Keanu is fun, and even sometimes outright hilarious, but it doesn’t live up to the skills of its central performers.
* This filmography is not intended to be a comprehensive list of this artist’s work. Instead it reflects the films this person has been involved with that have been reviewed on this site.
An op-ed on how the decision to move the Lifetime Achievement Oscar off the telecast hurts us all.
Highlights of our 2015 interviews, including Brie Larson, Bryan Cranston, Jason Segel, Lexi Alexander, Sarah Silverman, Spike Lee, Tom McCarthy, Ramin Bahrani, Paul Feig, Charlie Kaufman and much more.
Assistant Editor Nick Allen tackles the Movie Love Questionnaire.
A chronological commentary celebrating the performances of Gena Rowlands.
An interview with "James White" director Josh Mond and star Christopher Abbott.
An interview with co-writer/director Tom McCarthy about "Spotlight."
A preview of the 2015 Chicago International Film Festival.
A review of HBO's "Show Me a Hero" with Oscar Isaac, Catherine Keener, Alfred Molina, Winona Ryder, Bob Balaban, and Jon Bernthal.
The movie questionnaire and 2015 reviews of RogerEbert.com film critic Godfrey Cheshire.
A list of the three-star reviews so far posted on RogerEbert.com this year.
Ben Kenigsberg reviews Arnaud Desplechin's lovable coming-of-age prequel "My Golden Days."
A piece on the latest and greatest Netflix, On Demand, and Blu-ray releases including "The Immigrant", "Interstellar", "A Most Violent Year", and more!
Boone and Henderson on "Dear White People"; Brody on "Birdman"; Serpico on the NYPD; Sragow on film criticism; Uhlich on "Citizenfour" and "Nightcrawler."
Catching up with Treat Williams and William Forsythe on the NYFF screening of and Blu-ray release of "Once Upon a Time in America."
Bob Fosse's masterpiece "All That Jazz" jumps back and forth through the past and the present, and through memory and fantasy, but it also collects the history of film editing in one story.
May 2014 Blu-rays of note.
Steve Erickson discusses James Gray's career with the director of the upcoming The Immigrant.
Haifaa Al-Mansour, Keith Stanfield, Matt Zoller Seitz and more discuss "Film & Cultural Politics" at Ebertfest.
Recent titles released on Blu-ray.
A blind critic shows us the light; The Wire and Juice; Death in television; Mac DeMarco and Salad Days; Teenage sexual promiscuity.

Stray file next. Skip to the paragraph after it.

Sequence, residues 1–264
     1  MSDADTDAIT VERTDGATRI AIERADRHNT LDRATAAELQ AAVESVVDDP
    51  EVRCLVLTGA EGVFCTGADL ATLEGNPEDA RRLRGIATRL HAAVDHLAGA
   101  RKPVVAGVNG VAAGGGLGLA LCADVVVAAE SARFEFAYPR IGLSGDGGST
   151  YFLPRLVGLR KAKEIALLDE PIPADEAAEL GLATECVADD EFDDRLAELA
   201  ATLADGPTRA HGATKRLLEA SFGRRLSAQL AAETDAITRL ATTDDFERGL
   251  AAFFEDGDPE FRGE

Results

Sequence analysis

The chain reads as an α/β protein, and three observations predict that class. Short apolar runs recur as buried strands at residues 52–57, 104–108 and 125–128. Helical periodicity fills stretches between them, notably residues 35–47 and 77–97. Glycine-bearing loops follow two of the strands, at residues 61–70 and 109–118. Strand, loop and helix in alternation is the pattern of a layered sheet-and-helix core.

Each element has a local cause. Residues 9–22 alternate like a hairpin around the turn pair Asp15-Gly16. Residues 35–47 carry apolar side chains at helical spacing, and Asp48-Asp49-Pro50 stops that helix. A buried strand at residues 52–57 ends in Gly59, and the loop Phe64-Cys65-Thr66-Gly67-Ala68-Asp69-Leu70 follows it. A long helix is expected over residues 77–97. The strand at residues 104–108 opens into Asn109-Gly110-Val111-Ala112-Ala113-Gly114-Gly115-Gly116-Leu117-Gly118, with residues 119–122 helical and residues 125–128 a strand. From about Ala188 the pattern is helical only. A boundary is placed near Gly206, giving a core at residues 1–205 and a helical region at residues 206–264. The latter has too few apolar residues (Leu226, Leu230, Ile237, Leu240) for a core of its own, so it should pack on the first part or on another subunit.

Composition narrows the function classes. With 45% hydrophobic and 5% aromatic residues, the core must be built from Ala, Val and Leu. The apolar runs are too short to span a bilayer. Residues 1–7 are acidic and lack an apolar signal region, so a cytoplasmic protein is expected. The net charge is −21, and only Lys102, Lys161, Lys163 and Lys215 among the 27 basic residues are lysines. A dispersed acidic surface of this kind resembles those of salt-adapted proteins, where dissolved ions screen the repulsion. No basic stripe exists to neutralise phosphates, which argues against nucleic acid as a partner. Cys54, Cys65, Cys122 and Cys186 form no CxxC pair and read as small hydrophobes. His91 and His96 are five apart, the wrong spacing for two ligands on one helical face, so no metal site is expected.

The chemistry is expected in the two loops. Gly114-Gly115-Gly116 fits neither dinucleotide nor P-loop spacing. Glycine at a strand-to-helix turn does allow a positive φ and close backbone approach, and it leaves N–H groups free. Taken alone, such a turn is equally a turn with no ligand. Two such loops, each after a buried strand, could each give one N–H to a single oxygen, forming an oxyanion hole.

A video essay on Wes Anderson's second film "Rushmore," by Matt Zoller Seitz and Steven Santos. Second in a series of seven.
Ben Kenigsberg looks forward to the parallel programs at this year's Cannes Film Festival.
"All of us will always owe him everything." -- Glenn Kenny on Andrew Sarris, quoting Jean-Luc Godard on Orson Welles
Andrew Sarris, "who loved movies" (as Roger Ebert described him), was long considered the "dean of American film critics." Reading the accounts and appreciations of him today, I was surprised to see how many people perpetuated the myth that Sarris and Pauline Kael were like the print era's Siskel & Ebert who, instead of facing off with each other over new movies on TV week after week, carried on a robust public debate about auteurism and film theory for decades. That didn't happen. And that mischaracterization does a disservice to Sarris, to Kael and to Siskel & Ebert, all of whom were taking their own distinctive and original approaches to movie reviewing and criticism. I think what's most important on the occasion of Sarris's passing is to acknowledge that his substantial critical legacy cannot be defined in terms of anything Pauline Kael wrote about him and the politique des auteurs in 1963 -- and certainly not in the way his and the Cahiers du Cinema critics' views were misrepresented in Kael's famous snipe, "Circles and Squares: Joys and Sarris."
Let's get this straight: Sarris, who had spent some time in France and acquainted himself with the Cahiers du Cinema critics (Andre Bazin, Godard, Truffaut, Chabrol, Rivette, Rohmer, et al.), published an essay in Film Culture called "Notes on the Auteur Theory in 1962" (download .pdf here). In it he set out to explain the French notion of what he called "auteurism" for an American audience.*
Marie writes: As some of you may know, it was Roger's 70th birthday on June 18 and while I wasn't able to give the Grand Poobah what I suspect he'd enjoy most...
Siskel & Ebert fight over a toy train (1988)
Earlier this week Wesley Morris of the Boston Globe became only the fourth film critic to receive a Pulitzer Prize, after Roger Ebert (Chicago Sun-Times, 1975), Stephen Hunter (Washington Post, 2003) and Joe Morgenstern (Wall Street Journal, 2005).
A few other movie critics have been named as Pulitzer finalists -- Stephen Schiff (Boston Phoenix, 1983), Andrew Sarris (Village Voice, 1987), Matt Zoller Seitz (Dallas Observer, 1994), Stephen Hunter (Baltimore Sun, 1995), Peter Rainer (New Times Los Angeles, 1998), Ann Hornaday (Washington Post, 2008), A.O. Scott (New York Times, 2010) -- and I've read and admired many of them over the years.
I was first impressed by Morris's writing when he was in San Francisco, where he wrote for both the Chronicle and the Examiner, in the late 1990s. With him and Ty Burr on the movie beat, the Boston Globe now has one of the best critical teams around. And that's saying something: The New York Times team of A.O. Scott and Manohla Dargis is far and away the finest in that paper's history.
The Pulitzer submissions from Morris (who's only 36) covered films and subjects such as "The Help," "Mission: Impossible - Ghost Protocol," "The Tree of Life," "Drive," the "Fast and Furious" series, "Scream 4," "Weekend," "Water for Elephants," Sidney Lumet and Steve Jobs. A few excerpts to give you an idea of what earned him the prize: